“I Will Have to Tell You Everything,” says the title of Hamlett Dobbins’ exhibition of recent work at David Lusk Gallery, and the artist proceeds to do so in a group of splashy, dynamic, inventive and downright gorgeous abstract paintings. These 13 pieces radiate a kind of divine energy of creativity, imagination and wit as they peer into realms both microscopic and cosmic in depth and breadth. The show will be on display through Oct. 8.
Dobbins’ work is so convincing, so confident and authoritative that one hardly thinks of the paintings as abstract. They seem, instead, to be transcriptions of the thought processes of a deeply meditative and jubilant mind whose unconscious is allowed to penetrate into and play freely with the possibilities of color, shape and pattern, texture and surface. Not that the pieces are not enigmatic and hermetic, not that they don’t resist interpretation, but not completely. “Content is tiny, very tiny, a glimpse,” said Willem de Kooning, one of the greatest of all abstract painters; Dobbins offers glimpses aplenty in these highly animated and lyrical mappings.
The artist continues his habit of leaving the work untitled, while appending, within parentheses, dedications to people indicated only by initials, as in “Untitled (for F.G.T/E.R.S./C.M.C.),” a large piece as it happens of supreme virtuosity and blithe spontaneity. Such a device lends the paintings auras both detached and intimate. We are left on our own as to potential meaning or even lack of meaning, as we simultaneously feel privileged to witness an act of friendship. And when I used the word “authoritative” $25,000 for the best paintings and about $3,000 for drawings, those figures have escalated to three times that now.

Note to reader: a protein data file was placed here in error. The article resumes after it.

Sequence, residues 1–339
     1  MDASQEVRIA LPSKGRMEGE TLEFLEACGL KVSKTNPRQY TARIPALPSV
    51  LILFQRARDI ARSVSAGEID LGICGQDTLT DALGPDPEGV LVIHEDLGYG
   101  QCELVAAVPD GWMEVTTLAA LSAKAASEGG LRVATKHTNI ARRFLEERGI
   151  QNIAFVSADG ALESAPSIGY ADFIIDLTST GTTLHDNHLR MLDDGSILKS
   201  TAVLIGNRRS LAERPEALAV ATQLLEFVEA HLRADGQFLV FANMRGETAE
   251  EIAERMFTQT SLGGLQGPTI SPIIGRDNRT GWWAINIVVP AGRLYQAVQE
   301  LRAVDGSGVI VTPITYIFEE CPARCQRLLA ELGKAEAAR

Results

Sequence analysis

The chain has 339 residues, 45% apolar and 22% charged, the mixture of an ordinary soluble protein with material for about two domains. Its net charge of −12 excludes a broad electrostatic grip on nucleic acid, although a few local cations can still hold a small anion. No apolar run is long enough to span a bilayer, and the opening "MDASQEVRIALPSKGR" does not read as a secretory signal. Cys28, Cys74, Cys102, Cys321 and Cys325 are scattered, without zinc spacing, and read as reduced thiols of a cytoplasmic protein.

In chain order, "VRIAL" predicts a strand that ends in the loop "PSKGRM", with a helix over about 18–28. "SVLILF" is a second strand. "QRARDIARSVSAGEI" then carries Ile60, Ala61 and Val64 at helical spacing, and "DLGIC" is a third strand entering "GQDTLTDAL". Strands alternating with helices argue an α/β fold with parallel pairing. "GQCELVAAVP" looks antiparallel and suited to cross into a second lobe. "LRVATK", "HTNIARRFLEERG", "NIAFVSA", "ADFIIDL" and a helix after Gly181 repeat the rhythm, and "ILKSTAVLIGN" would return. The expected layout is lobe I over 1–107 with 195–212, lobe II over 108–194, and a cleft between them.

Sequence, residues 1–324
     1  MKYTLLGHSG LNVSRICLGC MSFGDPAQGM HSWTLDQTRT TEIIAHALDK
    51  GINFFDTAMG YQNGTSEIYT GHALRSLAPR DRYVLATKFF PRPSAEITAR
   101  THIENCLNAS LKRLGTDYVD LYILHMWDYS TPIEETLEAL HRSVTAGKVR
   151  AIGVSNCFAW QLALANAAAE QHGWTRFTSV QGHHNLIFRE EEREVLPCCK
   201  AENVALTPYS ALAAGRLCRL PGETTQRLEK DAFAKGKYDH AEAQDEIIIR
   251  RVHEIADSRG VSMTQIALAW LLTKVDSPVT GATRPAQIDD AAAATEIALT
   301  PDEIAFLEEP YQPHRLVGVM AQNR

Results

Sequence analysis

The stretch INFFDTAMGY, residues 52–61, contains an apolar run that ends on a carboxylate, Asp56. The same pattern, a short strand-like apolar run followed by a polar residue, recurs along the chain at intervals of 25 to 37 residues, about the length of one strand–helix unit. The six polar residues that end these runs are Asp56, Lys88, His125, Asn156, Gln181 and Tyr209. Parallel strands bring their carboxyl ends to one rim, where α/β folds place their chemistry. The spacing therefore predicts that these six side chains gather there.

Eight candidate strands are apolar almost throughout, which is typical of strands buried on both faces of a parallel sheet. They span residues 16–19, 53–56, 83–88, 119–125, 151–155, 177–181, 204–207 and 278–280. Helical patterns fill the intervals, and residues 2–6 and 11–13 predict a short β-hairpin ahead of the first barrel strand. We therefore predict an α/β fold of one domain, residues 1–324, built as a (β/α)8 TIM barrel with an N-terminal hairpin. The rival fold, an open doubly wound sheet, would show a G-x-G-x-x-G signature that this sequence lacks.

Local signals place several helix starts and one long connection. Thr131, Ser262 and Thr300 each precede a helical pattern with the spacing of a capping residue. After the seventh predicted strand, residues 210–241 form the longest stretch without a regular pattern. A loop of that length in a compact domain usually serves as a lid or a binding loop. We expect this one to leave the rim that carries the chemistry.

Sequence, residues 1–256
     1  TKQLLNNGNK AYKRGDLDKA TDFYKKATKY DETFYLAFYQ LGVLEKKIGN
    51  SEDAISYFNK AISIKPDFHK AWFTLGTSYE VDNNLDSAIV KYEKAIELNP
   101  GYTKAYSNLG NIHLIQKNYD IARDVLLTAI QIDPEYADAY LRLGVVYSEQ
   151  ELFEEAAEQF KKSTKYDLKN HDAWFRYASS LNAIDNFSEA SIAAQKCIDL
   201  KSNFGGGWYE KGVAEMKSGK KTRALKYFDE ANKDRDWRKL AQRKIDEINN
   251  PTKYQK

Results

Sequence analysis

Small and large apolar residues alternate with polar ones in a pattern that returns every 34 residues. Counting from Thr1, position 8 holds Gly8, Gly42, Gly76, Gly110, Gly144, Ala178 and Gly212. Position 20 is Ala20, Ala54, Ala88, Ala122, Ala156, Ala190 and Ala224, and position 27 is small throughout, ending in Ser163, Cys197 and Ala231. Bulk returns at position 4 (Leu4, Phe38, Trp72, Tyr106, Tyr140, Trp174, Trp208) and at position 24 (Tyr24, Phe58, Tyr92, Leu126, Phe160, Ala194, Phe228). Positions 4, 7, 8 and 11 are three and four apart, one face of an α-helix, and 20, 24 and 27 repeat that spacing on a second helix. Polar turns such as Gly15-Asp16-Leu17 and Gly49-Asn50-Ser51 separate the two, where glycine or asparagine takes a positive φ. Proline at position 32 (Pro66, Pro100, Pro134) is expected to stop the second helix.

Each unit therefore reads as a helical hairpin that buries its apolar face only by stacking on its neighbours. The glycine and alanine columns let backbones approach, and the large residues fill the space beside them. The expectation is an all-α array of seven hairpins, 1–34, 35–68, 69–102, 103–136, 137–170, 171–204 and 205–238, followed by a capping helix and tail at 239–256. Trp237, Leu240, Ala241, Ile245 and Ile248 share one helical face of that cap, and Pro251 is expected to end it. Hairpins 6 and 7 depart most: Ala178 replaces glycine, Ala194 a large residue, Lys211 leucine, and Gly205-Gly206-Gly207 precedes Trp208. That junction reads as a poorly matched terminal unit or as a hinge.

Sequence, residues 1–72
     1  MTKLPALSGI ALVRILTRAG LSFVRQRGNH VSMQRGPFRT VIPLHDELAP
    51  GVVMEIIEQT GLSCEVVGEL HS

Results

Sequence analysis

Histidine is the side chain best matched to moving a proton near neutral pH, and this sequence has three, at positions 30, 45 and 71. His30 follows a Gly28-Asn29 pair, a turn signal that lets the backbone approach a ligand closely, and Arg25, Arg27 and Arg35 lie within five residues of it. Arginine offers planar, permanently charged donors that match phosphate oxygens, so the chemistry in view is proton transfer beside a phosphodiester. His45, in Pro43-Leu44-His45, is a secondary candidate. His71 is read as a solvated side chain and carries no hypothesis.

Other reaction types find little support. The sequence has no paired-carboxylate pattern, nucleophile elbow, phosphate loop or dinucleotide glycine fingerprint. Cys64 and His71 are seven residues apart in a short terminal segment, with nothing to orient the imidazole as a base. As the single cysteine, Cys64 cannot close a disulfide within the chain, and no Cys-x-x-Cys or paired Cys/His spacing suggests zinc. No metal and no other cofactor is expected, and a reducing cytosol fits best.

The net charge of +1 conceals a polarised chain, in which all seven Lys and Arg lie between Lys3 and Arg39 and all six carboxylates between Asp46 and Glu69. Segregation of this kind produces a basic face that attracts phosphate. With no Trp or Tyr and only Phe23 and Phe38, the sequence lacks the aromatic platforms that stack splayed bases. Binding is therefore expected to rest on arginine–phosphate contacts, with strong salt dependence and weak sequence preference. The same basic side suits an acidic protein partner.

“There is great demand,” Lusk said, “especially for older paintings. We’re seeing prices in the high five digits and occasionally Through Oct. 8 at David Lusk Gallery, 97 Tillman St. Call 901-767-3800, or visit davidluskgallery.com.
the low six figures. Drawings are usually about $3,000 to $12,000, depending on age and condition.”
Cloar’s pencil sketches on paper were not so much preparatory drawings as tracings whose lines indicated the placement of buildings, figures, objects and landscape elements for the paintings. Since a drawing exists for almost every painting, and since the supply of paintings is finite in the previous paragraph, it was not intended to indicate anything rigorous or didactic. These paintings, rather, are imbued with the capacity for intrigue, delightful mystery, provocation and joy.
Telling us everything implies a certain loquaciousness, the artist as blabbermouth and seer, and it’s true that there’s nothing laconic or subtle about these paintings. Dobbins goes for the visceral reaction in terms of our visual orientation. Pieces like “Untitled (For I.V./C.B.)” and “Untitled (For T.J.K./K.D.B./ W.D.)” practically vibrate on the wall in their Day-glo hues and vigorous markings, barely containing their force fields within the rectangles of their edges. “Telling” also hints at designation, signification and counting, a bent that refers to a more recent development in the artist’s work, the inclusion of letters, numbers and words